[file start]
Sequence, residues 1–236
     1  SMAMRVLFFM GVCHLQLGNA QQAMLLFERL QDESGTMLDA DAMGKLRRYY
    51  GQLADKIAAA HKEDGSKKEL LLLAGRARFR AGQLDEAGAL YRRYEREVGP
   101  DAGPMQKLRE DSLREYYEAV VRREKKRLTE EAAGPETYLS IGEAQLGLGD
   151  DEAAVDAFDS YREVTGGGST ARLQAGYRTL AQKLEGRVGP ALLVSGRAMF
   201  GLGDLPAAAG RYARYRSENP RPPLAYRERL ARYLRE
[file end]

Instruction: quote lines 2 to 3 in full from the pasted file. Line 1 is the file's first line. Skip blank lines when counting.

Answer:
     1  SMAMRVLFFM GVCHLQLGNA QQAMLLFERL QDESGTMLDA DAMGKLRRYY
    51  GQLADKIAAA HKEDGSKKEL LLLAGRARFR AGQLDEAGAL YRRYEREVGP